Here is one of the article concepts as interpreted by me - mobile technologies permit a direct connection and data exchange between the strategic and the tactical levels of an organization. Many layers of management hierarchy, IT infrastructure and paper based reporting processes can be eliminated and huge savings and speed of data delivery can occur with mobile technologies. These capabilities permit changes in processes, organizations and strategies, which enables agility, speed, productivity increases and efficiency gains.
Let me share a quote from Matt Green, VP of Product Management with Software AG, "Imagine a single activity stream that carries an alert every time a customer calls in with a product issue. For the first time the customer sales rep, the R&D organization, the consulting organization, and the customer support rep can all opt to receive the same notification. The sales rep knows that his customer is having an issue at the same time that R&D reads about it and at the same time that the on-site consultant gets it. The visibility and transparency that this gives allows each participant to work together as a team and to work as a unified team with the customer." That is a great example of shared situational awareness!
How many good ideas from the tactical part of a business never reach the strategic level because of politics, laziness, ego, lack of time, ignorance or they simply get lost in the noise? How many strategic messages get missed or diluted trying to filter through all the layers of management before they reach the tactical teams? With both mobile technologies and the effective use of enterprise social collaboration solutions many of these problems can be resolved.
Here is more from Matt Green, "People used to say that email was collaboration. Then chat became collaboration. Then wiki’s came to the scene as an attempt to work together more efficiently. New social platforms will break the mode entirely in 2013 and dramatically increase how people work together with computers and mobile devices.”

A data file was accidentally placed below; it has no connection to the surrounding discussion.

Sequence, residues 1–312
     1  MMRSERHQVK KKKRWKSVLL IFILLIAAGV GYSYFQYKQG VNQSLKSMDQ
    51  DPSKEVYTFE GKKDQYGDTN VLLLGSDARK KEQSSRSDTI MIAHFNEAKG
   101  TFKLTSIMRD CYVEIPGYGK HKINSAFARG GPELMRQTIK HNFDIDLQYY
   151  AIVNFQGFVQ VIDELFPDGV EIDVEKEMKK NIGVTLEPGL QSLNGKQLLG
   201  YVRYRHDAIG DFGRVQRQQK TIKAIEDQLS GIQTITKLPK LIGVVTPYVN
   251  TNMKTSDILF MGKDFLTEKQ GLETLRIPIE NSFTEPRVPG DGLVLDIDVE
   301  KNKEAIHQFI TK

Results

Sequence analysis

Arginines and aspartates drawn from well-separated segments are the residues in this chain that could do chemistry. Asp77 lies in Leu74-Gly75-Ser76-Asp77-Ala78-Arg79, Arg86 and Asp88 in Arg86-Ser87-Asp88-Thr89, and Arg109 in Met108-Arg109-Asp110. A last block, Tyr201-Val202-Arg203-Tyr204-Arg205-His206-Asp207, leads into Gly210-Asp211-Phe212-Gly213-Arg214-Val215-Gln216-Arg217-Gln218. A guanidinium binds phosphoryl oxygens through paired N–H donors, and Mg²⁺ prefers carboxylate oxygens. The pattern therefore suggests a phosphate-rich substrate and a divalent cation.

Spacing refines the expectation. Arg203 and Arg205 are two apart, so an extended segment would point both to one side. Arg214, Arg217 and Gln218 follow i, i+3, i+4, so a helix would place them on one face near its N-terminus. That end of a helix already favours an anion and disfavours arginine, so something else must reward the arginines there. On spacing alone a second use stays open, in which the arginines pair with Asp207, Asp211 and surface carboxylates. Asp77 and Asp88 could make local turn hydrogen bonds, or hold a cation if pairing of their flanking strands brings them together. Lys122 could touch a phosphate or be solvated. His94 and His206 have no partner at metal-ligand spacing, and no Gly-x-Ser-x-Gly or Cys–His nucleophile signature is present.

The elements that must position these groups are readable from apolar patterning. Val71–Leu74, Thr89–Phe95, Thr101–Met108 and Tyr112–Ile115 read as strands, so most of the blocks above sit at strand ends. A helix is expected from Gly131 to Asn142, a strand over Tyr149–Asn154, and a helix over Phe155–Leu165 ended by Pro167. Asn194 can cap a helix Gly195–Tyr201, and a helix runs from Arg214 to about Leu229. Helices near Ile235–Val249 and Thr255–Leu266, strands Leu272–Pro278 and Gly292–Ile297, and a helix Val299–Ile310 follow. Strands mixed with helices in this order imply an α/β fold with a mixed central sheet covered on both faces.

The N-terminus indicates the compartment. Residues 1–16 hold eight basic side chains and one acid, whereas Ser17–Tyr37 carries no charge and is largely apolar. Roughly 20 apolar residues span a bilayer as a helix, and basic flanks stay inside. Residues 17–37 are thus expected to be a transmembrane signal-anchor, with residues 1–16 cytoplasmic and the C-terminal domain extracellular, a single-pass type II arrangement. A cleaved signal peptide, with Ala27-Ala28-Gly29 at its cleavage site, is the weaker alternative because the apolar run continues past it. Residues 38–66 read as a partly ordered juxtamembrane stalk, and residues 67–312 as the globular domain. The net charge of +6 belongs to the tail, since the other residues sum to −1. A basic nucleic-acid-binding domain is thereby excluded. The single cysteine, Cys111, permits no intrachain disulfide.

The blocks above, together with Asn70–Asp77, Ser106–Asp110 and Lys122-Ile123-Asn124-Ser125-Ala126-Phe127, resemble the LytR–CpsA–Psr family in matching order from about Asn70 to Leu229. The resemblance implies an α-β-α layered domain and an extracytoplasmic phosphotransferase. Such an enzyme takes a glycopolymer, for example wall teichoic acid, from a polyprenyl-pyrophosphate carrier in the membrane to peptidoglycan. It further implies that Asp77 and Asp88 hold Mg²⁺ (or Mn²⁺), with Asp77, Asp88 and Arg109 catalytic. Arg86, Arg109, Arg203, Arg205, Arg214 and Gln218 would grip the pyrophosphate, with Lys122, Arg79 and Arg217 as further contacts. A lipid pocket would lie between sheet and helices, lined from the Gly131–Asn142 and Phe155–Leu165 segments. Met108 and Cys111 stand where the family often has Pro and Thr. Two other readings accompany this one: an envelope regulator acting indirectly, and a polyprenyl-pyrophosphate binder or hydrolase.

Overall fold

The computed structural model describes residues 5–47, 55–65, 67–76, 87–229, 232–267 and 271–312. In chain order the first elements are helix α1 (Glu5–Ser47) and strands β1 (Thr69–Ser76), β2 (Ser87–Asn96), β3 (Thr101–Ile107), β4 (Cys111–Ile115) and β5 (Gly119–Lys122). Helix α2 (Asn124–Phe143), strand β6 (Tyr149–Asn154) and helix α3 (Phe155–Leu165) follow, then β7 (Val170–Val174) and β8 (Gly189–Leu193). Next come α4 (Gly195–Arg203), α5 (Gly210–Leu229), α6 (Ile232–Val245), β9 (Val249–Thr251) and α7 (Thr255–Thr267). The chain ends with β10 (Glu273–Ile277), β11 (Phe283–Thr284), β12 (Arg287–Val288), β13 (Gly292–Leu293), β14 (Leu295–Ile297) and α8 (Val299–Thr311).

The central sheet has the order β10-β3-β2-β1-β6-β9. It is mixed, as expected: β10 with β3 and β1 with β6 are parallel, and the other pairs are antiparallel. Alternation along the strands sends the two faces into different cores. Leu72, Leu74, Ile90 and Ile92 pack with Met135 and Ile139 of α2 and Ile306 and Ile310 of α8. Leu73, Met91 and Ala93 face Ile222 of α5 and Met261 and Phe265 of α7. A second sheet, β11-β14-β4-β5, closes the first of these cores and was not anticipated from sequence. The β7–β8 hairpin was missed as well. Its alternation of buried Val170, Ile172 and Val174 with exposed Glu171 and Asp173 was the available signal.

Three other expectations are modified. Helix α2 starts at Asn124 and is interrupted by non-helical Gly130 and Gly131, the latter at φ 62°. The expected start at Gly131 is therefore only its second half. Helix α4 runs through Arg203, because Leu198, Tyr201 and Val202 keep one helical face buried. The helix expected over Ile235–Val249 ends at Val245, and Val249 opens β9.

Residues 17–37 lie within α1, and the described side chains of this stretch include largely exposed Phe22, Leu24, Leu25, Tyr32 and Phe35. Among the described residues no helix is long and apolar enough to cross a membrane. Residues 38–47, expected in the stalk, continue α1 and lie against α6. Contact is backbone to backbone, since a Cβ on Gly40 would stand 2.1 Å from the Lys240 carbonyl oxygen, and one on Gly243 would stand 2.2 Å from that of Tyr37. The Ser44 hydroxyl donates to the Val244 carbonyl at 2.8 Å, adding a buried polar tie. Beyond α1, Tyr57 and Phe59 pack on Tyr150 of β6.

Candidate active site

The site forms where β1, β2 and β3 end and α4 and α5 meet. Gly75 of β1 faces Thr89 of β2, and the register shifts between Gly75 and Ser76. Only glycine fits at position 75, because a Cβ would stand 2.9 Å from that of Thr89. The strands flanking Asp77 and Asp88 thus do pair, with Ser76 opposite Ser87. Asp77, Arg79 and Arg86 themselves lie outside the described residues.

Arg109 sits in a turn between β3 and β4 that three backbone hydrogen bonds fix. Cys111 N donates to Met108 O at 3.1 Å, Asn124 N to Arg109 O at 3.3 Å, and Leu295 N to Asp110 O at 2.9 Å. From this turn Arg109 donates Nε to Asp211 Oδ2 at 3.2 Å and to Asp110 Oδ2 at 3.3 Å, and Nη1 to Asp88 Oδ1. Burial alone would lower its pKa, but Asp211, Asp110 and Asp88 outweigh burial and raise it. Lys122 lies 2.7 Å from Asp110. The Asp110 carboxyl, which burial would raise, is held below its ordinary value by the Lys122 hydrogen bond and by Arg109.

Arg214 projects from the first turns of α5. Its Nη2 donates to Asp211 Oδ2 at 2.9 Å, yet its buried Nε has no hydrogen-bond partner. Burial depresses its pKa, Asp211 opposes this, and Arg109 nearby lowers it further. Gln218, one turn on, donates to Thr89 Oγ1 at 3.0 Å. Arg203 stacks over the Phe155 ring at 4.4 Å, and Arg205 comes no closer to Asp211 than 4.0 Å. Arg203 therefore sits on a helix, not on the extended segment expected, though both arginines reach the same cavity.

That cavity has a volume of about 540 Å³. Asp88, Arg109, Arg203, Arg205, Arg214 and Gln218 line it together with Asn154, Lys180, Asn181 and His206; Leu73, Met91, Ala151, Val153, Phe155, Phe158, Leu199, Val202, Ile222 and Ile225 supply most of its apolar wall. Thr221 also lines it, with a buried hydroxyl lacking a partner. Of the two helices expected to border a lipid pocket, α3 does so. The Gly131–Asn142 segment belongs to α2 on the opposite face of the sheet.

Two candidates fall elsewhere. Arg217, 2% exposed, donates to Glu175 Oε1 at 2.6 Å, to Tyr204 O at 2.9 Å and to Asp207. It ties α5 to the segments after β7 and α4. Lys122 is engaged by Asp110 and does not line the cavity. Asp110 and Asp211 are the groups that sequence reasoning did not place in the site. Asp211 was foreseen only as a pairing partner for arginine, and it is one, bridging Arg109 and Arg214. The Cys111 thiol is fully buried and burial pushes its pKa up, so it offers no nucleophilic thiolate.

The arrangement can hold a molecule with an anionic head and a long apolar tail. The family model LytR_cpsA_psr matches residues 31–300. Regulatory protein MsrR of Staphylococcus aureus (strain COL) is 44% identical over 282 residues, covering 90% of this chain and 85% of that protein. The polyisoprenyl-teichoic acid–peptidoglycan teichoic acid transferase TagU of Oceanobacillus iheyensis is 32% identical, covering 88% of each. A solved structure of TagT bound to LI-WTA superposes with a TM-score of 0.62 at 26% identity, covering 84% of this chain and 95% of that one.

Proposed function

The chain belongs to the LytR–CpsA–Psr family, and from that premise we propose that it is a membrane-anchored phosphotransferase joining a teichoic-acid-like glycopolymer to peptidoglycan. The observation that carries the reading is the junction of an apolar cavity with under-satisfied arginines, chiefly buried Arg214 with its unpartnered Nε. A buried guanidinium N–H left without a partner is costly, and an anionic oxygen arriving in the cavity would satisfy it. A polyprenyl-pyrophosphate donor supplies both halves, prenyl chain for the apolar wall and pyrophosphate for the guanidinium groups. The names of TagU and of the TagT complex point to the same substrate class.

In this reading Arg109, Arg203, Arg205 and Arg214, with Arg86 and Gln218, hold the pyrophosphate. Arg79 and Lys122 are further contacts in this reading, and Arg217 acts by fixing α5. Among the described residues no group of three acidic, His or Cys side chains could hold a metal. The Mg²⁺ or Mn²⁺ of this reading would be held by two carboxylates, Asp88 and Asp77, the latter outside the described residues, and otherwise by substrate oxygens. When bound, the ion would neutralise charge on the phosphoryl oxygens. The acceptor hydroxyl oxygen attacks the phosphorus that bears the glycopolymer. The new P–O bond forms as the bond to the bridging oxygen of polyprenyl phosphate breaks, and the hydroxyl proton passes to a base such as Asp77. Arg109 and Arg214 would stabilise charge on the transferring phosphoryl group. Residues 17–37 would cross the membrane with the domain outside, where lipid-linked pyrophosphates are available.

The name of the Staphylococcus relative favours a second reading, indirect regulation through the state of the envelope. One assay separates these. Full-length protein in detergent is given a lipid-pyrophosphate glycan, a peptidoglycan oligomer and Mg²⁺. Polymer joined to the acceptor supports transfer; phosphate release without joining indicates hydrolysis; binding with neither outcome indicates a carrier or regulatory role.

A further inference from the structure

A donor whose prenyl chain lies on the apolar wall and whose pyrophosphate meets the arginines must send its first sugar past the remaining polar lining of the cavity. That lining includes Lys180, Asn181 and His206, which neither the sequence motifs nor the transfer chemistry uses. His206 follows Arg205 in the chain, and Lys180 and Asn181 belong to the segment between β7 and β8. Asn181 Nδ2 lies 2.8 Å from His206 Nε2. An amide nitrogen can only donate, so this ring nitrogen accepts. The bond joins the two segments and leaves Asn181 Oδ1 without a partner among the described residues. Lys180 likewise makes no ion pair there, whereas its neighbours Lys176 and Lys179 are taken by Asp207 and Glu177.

I think of the Pony Express implemented in the United States during the 19th century for mail delivery. The Pony Express had more than 100 stations, 80 riders, and between 400 and 500 horses. It lasted only 18 months but during that time riders covered 650,000 miles and carried 34,753 pieces of mail. This legendary system lasted only 18 months. Why? The telegraph replaced them. If you could instantly send a message across the country, why use expensive horse-based middleware?
How many of our companies are still using horse-based middleware and managing as if we were using horse-based middleware? Real-time communications, real-time visibility, real-time collaboration completely changes the game. Are you playing?
Kevin Benedict, Head Analyst for SMAC, CognizantRead The Future of Work
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Full Disclosure: These are my personal opinions. No company is silly enough to claim them. I am a mobility and SMAC analyst, consultant and writer. I work with and have worked with many of the companies mentioned in my articles.